Guests of the Ayatollah

Dear Mr. President

Good morning, President Carter, I hope you are doing well. I felt compelled to write you this letter in response to your handling of the Iran hostage situation in 1979, 1980, and 1981. Three years. That embarrassment continued through three separate years.  I understand this occurred a very long time ago and perhaps you have moved on from this experience, but I’d urge you and the American people not to. In fact, I wasn’t even alive when the hostage crisis took place and though I’ve heard about it through the years it wasn’t until watching the Golden Globe winning movie, Argo, that I became aware of the details of this dark time in American history. As the movie reached completion and I was met with a screen saying the hostages were held for 444 days my reaction was an audible gasp. I was shocked. And moved to learn more.

I couldn’t understand. This was America. How could we possibly have allowed these hostages to remain captive for so long? GO GET THEM! I didn’t understand. As I read Guests of the Ayatollah, by Mark Bowden (author of Blackhawk Down) I knew I would be writing this letter almost immediately. I want you to know that if the American people have forgotten, they shouldn’t. I wanted you to know that young (er) Americans like myself who weren’t alive at the time or weren’t old enough to know what was happening don’t understand. I wanted you to know that this is a black mark over your presidency that I hope remains for all of eternity. I’ll be honest though, I had to google to see if you were still alive. Sorry. I know we are all getting older but, the 70’s…well, it was quite awhile ago. So I guess, congratulations on your longevity. You must be doing something right in that regard.

As the story unfolded in front of me I started to understand. The circumstances were different. There wasn’t an obvious leader to negotiate with and sending in troops to get the hostages out wasn’t as simple as crafting a plan and executing. But I was angry. As an American, as a human being I was angry that our countrymen were put through this. For Four Hundred and Forty Four Days. One year, 2 months, 2 weeks, and 2 days. I’m still angry.  You failed those Americans and you failed the office of the President.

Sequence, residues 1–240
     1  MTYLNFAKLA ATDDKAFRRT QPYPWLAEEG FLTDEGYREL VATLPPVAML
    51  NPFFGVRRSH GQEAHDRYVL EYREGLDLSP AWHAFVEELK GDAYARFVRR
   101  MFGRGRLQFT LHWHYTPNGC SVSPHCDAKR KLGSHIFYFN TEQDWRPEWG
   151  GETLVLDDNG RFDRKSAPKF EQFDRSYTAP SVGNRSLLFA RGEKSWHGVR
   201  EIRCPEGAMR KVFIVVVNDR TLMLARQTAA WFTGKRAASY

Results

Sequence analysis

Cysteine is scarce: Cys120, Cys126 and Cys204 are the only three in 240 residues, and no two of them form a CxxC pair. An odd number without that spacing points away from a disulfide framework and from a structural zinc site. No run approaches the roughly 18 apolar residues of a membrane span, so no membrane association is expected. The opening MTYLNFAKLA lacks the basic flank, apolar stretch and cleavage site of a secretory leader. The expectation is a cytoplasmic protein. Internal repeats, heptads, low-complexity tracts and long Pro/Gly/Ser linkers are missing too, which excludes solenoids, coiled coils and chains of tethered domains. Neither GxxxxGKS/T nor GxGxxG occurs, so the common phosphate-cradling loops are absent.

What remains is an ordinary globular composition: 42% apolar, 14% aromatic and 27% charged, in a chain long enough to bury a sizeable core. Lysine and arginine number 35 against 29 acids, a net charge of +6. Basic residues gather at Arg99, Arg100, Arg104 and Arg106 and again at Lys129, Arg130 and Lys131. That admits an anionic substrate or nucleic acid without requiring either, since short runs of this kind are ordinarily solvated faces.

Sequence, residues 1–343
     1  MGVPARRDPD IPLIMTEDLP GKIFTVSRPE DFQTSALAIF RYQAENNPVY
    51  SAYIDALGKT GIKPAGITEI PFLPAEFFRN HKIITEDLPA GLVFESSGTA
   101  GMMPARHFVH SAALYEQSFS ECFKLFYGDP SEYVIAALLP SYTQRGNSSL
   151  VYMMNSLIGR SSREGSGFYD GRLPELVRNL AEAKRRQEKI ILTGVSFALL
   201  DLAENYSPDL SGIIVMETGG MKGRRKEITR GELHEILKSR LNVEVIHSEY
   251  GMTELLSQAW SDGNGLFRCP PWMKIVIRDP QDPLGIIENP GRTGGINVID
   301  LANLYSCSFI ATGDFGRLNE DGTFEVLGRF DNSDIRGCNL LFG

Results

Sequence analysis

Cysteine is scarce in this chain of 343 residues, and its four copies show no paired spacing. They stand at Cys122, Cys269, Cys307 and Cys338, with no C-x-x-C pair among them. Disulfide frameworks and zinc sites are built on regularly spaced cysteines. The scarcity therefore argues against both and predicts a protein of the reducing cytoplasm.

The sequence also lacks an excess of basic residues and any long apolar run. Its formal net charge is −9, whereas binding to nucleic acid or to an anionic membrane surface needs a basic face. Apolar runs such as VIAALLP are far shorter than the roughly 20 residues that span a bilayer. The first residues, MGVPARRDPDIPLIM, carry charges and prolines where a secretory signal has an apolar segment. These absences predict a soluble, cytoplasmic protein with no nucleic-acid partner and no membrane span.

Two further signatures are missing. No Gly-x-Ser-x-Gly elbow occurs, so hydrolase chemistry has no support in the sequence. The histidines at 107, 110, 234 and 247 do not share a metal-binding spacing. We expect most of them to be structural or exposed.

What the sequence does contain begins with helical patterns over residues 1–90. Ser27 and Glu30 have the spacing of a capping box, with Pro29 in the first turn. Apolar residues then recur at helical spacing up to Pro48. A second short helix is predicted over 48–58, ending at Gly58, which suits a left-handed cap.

I understand that the United States does not negotiate with Terrorists…but…we put ourselves in that situation. Our Nation-building put a man back into power that the people of Iran didn’t want. Then we protected him after they overthrew him. I’m not saying Shah Muhammad Reza Pahlavi wasn’t good for Iran, good for America, or good for the world during World War II or beyond, I don’t know the answer to that, but perhaps it wasn’t our place to make that decision for them? Whether it was the right decision or not, you should have dealt with the consequences of that decision instead of leaving these Americans to deal with it. Do you regret not bringing the Americans back after the embassy was occupied in February of ’79? Do you regret allowing the Shah to receive treatment at the Mayo Clinic? Would you do these things differently now?

While I believe one of our duties as Americans is to question our leaders, when I do so I try to remember that I can’t possibly understand all that goes into decision making or all that the job of the President entails. I attempted to give you the benefit of the doubt but my anger and disappointment remained. When the rescue attempt was finally made I applauded you in my mind for doing SOMETHING, ANYTHING and while that attempt was obviously a failure and resulted in the loss of several American servicemen’s lives I was proud of that decision. I hope that your frustration throughout this time was at least half of what I imagine it must have been although if it was I can’t figure out why you didn’t do more.

While I can’t imagine how this time weighed on you heart and I know you received plenty of criticism at the time I just simply couldn’t keep quiet after learning the details of this crisis. Bowden writes a compelling account from all sides that left me breathless and angry. I came away from it with a greater understanding of our entire history in the middle east and how this situation still affects our relations there. Thank you, Mr. President, for your service to the United States and the American people. While my disappointment at your handling of this situation will remain, so to will my respect for you and the office of the Presidency.

Thank you for the opportunity to share my feedback. God bless you. And God bless America.

 

DS

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